Emma Moldavo - Penalty

Taking 39 big steps and never breaking eye contact: penalties are amazing

‘Yes! Good ball!’ I hear someone shout at the sideline. The home team’s supporters applaud. Kontich’s fast right winger has just mercilessly shot the ball behind our goalie. Since our first penalty taker didn’t hit the target that puts the score at 1-0. For a minute, I’m bummed out. But then I think about a moment approximately ten minutes earlier.

‘Ladies, you’ve worked hard today. Twice they scored the go-ahead goal and twice we fought back to equalize. We have the mental advantage. Okay, who feels good enough to take a penalty?’ My hand shoots up. Immediately, I realise what I’ve just signed up for. Shit. I practice it a lot in training, but when you have to take a penalty in a matchΒ it’s a completely different ball game. But there’s no turning back now. ‘Okay, Emma, the second penalty is yours.’

A nerve-racking walk

Some time ago I saw an interview with a pro player, who was talking about penalty kicks. I don’t remember who it was and what he said, but it came down toΒ the following: the absolute worst thing is the walk from the center circle to the penalty spot. Those 39 meters seem to last a lifetime, he said. Now I can imagine that it might be a little more nerve-racking in a World Cup final, with 80,000 people in the stands and hundreds of millions watching on TV, but last Saturday I had to take those 39 steps in front of a handful of supporters, with a place in the final of the regional cup of Antwerp at stake. It felt the exact same way.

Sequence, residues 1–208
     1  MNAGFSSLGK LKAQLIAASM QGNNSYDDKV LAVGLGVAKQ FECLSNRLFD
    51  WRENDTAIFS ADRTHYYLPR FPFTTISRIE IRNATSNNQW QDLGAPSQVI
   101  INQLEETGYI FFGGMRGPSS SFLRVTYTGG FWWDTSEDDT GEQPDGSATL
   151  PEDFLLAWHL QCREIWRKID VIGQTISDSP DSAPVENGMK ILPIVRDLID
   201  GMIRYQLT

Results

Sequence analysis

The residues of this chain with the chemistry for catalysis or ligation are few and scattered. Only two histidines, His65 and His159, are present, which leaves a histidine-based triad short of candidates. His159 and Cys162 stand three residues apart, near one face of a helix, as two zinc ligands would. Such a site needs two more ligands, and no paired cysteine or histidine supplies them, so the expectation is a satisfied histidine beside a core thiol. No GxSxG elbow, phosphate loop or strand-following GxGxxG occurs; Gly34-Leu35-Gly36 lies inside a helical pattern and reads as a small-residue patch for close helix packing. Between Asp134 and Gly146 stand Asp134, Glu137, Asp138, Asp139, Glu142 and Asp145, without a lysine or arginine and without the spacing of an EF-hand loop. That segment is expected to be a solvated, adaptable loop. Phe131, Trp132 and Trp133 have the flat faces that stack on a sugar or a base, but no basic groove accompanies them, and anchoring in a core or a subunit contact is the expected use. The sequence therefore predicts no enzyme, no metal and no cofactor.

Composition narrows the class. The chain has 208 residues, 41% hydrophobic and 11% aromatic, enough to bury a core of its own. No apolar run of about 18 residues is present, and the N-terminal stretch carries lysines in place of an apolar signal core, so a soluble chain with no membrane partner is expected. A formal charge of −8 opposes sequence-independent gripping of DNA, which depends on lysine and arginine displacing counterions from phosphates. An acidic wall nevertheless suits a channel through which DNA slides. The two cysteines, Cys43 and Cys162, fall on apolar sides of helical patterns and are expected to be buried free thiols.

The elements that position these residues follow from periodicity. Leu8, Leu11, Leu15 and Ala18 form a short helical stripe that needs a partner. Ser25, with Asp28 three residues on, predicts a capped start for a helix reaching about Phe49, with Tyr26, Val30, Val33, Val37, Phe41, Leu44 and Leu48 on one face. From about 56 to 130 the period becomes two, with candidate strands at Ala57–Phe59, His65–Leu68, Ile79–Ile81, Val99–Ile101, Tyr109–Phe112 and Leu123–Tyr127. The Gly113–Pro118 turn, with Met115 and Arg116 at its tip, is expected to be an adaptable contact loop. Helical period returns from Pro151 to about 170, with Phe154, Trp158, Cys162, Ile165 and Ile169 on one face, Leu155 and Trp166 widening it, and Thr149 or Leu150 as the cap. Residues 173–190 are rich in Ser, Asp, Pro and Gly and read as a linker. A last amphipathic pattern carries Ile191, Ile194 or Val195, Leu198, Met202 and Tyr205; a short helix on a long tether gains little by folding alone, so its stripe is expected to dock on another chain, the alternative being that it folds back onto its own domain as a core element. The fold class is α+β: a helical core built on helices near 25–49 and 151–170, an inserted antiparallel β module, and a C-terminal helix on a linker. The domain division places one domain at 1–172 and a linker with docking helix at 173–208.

Fortunately, I had seen that the opponent’s goalkeeper, who did not make a very confident impression during the game, had to be encouraged by her teammates. She seemed to be on the verge of tears. So when I took my 39 big steps in the direction of the penalty spot, I never broke eye contact with her. I was staring as ifΒ my life depended on it. Hans van Breukelen - PenaltyWhen I arrived I shortly contemplated pulling a ‘Hans van Breukelen’ (pointing at your eye to indicate that you know in which direction the player or goalkeeper is going to go), but decided that might be a bit too risky. What if I ended up missing? What would those 40 people on the sidelines think of me?

I took a run-up, and used the technique that is often effective against lower teams, when you’re facing mediocre goalkeepers. For a very brief moment, my eyes flashed in the direction of the left side of the goal. The goalkeeper, who would probably be watching me for signs of insecurity, would think she caught me and would dive to that corner. This meant that the right side was open, and it was an easy pass into that corner for me. After I scored, I barely cheered, that’s how relieved I was.

We ended up losing by 5-4 and wouldn’t reach the cup final. But playing for the prizes is something I’m definitely looking forward to doing again. Fortunately, every team starts at 0 again after the summer, a typical case of ‘new round, new opportunities.’ And trust me, we will be ready next year. Oh, and er… Kontich? Don’t count on keeping us out ofΒ the final again next year. Bring it on. Yours truly, VC Moldavo.

Thanks for reading, talk soon! πŸ™‚

Emma - Signature

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